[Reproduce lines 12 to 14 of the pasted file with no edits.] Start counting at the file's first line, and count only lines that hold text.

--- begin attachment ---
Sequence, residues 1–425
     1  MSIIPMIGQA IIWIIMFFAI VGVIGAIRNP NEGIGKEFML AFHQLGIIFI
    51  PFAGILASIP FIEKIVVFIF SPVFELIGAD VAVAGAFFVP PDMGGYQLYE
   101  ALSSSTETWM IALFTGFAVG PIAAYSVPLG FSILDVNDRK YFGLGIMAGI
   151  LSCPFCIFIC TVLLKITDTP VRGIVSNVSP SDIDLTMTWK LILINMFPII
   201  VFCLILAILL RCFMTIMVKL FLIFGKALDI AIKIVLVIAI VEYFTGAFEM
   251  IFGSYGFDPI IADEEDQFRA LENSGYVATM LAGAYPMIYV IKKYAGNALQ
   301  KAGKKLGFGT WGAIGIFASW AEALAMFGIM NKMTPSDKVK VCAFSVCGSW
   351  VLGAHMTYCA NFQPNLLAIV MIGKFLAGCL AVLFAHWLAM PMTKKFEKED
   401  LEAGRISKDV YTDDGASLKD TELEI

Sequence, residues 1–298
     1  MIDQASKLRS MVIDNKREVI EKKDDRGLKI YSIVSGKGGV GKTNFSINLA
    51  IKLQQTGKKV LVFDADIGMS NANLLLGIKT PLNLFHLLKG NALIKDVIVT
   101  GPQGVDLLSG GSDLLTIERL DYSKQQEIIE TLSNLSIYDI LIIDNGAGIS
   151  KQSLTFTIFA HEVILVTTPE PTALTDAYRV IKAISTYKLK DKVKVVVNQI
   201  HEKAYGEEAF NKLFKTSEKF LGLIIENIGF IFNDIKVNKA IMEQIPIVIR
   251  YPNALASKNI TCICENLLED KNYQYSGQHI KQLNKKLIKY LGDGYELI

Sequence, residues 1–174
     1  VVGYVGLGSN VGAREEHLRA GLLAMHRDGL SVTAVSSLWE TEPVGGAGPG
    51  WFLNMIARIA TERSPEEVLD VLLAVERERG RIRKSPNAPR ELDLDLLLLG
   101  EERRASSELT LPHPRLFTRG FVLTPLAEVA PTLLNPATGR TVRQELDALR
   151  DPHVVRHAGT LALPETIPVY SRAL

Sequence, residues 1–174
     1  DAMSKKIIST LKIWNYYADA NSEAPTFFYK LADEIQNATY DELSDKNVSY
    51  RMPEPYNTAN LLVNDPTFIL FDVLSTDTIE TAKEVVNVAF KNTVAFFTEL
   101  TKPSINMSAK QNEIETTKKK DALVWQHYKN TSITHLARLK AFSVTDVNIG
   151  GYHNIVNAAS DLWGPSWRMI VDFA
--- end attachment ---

     1  MIDQASKLRS MVIDNKREVI EKKDDRGLKI YSIVSGKGGV GKTNFSINLA
    51  IKLQQTGKKV LVFDADIGMS NANLLLGIKT PLNLFHLLKG NALIKDVIVT
   101  GPQGVDLLSG GSDLLTIERL DYSKQQEIIE TLSNLSIYDI LIIDNGAGIS